'Stop blocking Yemen aid,' UK minister tells Saudi Arabia

'Stop blocking Yemen aid,' UK minister tells Saudi Arabia
Britain's International Development Secretary has said that breaches of humanitarian law by Saudi Arabia in Yemen could throw bilateral ties 'into difficulty.'
2 min read
18 December, 2017
Saudi Arabia tightened its blockade on Yemen last month [AFP]

A British minister has warned Saudi Arabia that "using starvation as a weapon" would constitute a breach of humanitarian law, as concerns continue over Riyadh's blockade of Yemen.

Speaking while on a visit to Djibouti, UK International Development Secretary Penny Mordaunt said that Saudi Arabia has "no excuse" to continue the blockade.

"It is very clear that if you are using starvation as a weapon you are in breach of international humanitarian law," Mordaunt said during a trip that included visits to Saudi Arabia and Djibouti. "And what I have seen on my visit is that what is being held up is aid."

Since 2015, Saudi Arabia has led a military coalition fighting against Iran-backed Houthi rebels in Yemen, in an effort to restore the authority of President Abedrabbo Mansour Hadi.

With fighting between the two sides having been locked in a stalemate, the Saudi-led coalition has imposed crippling restrictions on imports into Yemen.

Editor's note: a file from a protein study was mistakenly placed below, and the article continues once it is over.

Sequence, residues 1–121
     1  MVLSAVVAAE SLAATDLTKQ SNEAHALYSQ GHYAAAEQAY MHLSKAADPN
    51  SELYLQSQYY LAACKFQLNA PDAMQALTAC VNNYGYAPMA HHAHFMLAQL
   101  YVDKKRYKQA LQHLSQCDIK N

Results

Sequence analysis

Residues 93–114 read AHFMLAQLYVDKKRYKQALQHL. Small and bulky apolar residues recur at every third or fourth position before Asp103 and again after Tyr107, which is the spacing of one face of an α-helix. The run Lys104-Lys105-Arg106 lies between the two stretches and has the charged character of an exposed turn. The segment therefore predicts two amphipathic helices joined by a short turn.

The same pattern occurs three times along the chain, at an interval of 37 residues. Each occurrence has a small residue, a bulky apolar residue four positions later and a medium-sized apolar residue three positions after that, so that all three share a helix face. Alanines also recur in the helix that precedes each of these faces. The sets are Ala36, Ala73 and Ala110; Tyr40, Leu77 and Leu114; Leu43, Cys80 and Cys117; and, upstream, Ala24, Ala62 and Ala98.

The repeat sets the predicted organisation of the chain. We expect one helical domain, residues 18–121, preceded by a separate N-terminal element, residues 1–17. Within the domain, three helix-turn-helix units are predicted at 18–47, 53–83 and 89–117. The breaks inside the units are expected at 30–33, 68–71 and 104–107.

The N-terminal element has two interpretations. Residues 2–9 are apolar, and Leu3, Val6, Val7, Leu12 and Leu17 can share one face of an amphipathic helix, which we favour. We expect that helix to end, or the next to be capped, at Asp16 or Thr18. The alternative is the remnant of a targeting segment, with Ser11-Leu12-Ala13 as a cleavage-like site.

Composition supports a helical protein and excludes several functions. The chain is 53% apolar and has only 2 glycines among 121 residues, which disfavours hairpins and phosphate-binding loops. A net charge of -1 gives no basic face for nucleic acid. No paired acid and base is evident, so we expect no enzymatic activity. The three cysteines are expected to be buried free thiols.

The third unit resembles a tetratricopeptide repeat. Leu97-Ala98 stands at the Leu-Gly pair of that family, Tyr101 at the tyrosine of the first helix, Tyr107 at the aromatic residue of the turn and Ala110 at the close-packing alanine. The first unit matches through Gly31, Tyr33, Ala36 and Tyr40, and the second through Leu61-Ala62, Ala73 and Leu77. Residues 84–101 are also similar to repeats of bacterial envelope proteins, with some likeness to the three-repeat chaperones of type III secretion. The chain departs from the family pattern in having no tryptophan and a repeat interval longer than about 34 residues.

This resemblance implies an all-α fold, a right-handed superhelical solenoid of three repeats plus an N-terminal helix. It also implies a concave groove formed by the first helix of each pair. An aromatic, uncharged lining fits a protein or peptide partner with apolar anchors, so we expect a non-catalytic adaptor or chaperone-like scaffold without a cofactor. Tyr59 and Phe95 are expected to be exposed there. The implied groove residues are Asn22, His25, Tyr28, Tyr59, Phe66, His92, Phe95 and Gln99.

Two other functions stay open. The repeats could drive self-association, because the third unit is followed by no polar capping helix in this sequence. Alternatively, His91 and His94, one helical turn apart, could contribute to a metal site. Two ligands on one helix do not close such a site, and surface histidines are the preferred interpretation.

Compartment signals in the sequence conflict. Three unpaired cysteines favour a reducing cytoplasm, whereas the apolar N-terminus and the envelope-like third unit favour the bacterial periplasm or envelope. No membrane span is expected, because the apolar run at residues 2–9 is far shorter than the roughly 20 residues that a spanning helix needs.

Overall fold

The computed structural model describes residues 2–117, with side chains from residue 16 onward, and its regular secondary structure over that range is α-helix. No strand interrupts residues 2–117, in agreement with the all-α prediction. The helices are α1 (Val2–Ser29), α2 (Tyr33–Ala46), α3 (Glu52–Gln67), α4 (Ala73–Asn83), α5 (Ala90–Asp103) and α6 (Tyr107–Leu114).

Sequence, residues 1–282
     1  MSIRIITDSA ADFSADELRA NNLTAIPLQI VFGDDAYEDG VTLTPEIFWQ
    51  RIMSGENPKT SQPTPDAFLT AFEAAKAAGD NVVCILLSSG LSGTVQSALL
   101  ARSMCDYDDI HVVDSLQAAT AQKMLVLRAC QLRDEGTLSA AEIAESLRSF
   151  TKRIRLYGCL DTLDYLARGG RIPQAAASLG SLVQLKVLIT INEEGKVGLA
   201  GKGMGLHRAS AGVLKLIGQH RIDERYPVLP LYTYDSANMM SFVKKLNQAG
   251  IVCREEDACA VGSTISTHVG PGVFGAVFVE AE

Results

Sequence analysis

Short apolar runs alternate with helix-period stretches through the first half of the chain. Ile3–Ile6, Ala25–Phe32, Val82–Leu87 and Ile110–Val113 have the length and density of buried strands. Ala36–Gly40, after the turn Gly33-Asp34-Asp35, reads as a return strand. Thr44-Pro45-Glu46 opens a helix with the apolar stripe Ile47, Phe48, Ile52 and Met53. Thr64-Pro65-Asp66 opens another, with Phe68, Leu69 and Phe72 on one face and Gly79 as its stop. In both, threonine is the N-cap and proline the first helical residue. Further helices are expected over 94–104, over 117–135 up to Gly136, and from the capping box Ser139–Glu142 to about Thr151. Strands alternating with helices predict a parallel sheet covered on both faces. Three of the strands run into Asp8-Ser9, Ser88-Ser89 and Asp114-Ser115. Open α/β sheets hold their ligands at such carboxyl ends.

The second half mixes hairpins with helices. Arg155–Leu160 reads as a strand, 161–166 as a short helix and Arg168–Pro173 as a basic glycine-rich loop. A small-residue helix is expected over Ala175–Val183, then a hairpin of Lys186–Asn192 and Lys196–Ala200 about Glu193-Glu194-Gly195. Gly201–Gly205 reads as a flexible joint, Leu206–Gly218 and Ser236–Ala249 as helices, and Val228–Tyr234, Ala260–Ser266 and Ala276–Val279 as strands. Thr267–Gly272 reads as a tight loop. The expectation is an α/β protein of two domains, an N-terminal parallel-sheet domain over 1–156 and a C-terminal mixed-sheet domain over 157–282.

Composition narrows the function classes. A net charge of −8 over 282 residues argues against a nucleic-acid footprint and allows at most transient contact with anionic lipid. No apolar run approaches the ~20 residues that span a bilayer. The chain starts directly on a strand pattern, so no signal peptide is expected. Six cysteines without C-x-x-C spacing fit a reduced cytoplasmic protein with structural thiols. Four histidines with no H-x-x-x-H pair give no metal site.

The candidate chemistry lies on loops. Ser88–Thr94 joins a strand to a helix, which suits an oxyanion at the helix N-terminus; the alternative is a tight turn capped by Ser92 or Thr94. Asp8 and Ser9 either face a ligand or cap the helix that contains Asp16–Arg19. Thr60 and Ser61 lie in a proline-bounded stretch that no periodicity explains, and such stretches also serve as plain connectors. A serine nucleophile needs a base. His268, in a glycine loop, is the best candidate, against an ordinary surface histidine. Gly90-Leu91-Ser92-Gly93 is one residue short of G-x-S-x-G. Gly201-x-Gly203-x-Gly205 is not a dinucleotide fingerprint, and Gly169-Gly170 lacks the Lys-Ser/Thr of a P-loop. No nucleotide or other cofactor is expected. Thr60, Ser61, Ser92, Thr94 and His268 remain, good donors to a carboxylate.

Following a recent Houthi rocket attack last month on Saudi Arabia, the blockade was tightened.

Britain is set to provide £50 million ($66.8m) in aid to assist the millions of Yemens facing starvation due to the country's ongoing conflict.

"UK aid will save lives with new food and fuel - fuel that will produce food, pump clean water to help stop the spread of cholera, and power hospital generators," Mordaunt said.

Moradaunt echoed warnings from the UN and humanitarian agencies, saying that aid restrictions could push Yemen into a "catastrophic famine."

"I very much understand the importance of our relationship with Saudi Arabia. But we do not help that relationship by not speaking about the facts of the matter," she said, adding that breaches of international laws would but the relationship between London and Riyadh "into dificulty."

Despite British leaders calling for an end to Yemen's war, rights groups have long criticised the UK's continued arms sales to Saudi Arabia throughout the Yemen conflict.
UK arms sales to Saudi Arabia has brought profits of more than $8bn to weapons manufacturers, but only $40m in corporation tax to the government, a War Child report has found.

UK arms sales to Saudi Arabia has produced profits of more than $8bn to weapons manufacturers, according to a report from UK-based charity War Child.